The Surprising Reason You Could Become ‘Immune’ to Certain Injectables—and the One to Switch to If It Happens

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The Surprising Reason You Could Become ‘Immune’ to Certain Injectables—and the One to Switch to If It Happens featured image
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Some people say their wrinkle-fighting neuromodulators (specifically Botox Cosmetic and Dysport) “stop working” over time, but is this really the case? Or are other factors to blame? We’ve got the inside scoop from the experts.

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Yes, it can happen…
According to New York dermatologist Julie Russak, MD, some patients have said their neuromodulators, which work to temporarily paralyze the muscles that contract and cause wrinkles, have “stopped working” over time. “Your body can develop antibodies to a specific product, so your immune system resists it,” she says. “Luckily, there are a few brands—Botox Cosmetic, Dysport and Xeomin—that we can use interchangeably to combat this. In most cases, people build up antibodies to the accessory protein in Botox Cosmetic and Dysport, rather than the active molecule. If this happens, we can switch to Xeomin, which doesn’t contain this specific type of protein, to alleviate the problem.” Also, if you’re an avid exerciser, your body may metabolize injectables faster, which can cause the effect not to last as long.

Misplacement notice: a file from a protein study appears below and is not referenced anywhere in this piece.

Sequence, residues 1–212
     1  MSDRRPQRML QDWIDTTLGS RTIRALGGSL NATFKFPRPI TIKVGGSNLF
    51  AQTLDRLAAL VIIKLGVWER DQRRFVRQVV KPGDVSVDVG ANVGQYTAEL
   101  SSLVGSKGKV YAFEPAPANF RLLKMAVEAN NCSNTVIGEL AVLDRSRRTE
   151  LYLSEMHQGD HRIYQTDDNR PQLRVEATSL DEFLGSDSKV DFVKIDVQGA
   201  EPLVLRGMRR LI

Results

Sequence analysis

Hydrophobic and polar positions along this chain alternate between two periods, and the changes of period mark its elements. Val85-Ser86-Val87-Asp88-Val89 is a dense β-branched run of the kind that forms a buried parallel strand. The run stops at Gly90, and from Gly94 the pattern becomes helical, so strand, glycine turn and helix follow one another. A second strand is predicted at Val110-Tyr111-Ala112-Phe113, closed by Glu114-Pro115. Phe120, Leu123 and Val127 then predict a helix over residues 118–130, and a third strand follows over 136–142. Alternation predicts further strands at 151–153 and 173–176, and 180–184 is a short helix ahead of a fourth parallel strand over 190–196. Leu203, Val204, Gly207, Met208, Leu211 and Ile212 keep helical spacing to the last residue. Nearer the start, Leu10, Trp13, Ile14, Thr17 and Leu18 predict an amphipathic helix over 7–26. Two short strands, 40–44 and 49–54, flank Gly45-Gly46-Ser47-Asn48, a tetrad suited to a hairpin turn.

It’s not likely…
Purchase, NY, plastic surgeon Michael Suzman, MD, says it is exceedingly rare for someone to become “immune” to neuromodulators, and that most patients find them to be very effective at the same dose, even over many years. “If a patient sees a lessened effect after receiving their regular injections, it may be because they are so used to the smooth look they have achieved, but still continue to age normally over time, and therefore see less of a ‘youthful’ result,” he explains. 

Another reason for this “reduced effect,” according to Dr. Suzman: “The injection could have missed the strongest part of the muscle and concentrated between areas of muscle where it is less effective. A touch-up with product from a fresh vial should correct the issue.”

The bottom line: You can develop antibodies to certain brands of injectables, and can switch to another product to fix it, but you can’t become immune to them entirely.

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